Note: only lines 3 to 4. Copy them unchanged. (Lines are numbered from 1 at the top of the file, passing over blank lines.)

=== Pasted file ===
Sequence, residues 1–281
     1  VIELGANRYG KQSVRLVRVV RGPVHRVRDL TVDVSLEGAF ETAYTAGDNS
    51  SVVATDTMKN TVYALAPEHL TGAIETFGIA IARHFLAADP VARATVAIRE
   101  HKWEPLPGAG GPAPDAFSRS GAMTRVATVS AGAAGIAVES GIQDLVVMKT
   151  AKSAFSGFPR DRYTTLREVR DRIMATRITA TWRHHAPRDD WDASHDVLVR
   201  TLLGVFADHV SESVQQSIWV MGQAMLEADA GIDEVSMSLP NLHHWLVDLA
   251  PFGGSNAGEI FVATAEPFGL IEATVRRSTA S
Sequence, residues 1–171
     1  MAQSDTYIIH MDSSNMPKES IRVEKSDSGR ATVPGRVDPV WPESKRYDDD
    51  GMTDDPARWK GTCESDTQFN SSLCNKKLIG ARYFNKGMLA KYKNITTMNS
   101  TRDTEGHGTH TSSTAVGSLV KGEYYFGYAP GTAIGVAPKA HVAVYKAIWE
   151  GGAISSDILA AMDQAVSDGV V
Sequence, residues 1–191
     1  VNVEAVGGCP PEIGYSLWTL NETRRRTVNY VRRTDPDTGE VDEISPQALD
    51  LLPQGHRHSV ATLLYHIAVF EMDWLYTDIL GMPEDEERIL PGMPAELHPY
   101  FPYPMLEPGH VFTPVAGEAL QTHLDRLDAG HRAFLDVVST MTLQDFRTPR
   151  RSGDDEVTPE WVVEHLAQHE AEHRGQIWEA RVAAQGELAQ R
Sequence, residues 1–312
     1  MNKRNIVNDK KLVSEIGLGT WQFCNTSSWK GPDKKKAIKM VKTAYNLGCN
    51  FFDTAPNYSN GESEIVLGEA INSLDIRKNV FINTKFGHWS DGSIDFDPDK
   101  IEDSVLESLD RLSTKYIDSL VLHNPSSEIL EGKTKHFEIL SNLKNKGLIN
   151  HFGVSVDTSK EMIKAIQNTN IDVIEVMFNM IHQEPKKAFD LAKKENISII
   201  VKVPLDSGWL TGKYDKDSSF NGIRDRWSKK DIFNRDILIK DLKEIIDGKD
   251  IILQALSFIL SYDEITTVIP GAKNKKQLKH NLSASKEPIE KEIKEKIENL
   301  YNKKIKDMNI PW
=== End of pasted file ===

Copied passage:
    51  SVVATDTMKN TVYALAPEHL TGAIETFGIA IARHFLAADP VARATVAIRE
   101  HKWEPLPGAG GPAPDAFSRS GAMTRVATVS AGAAGIAVES GIQDLVVMKT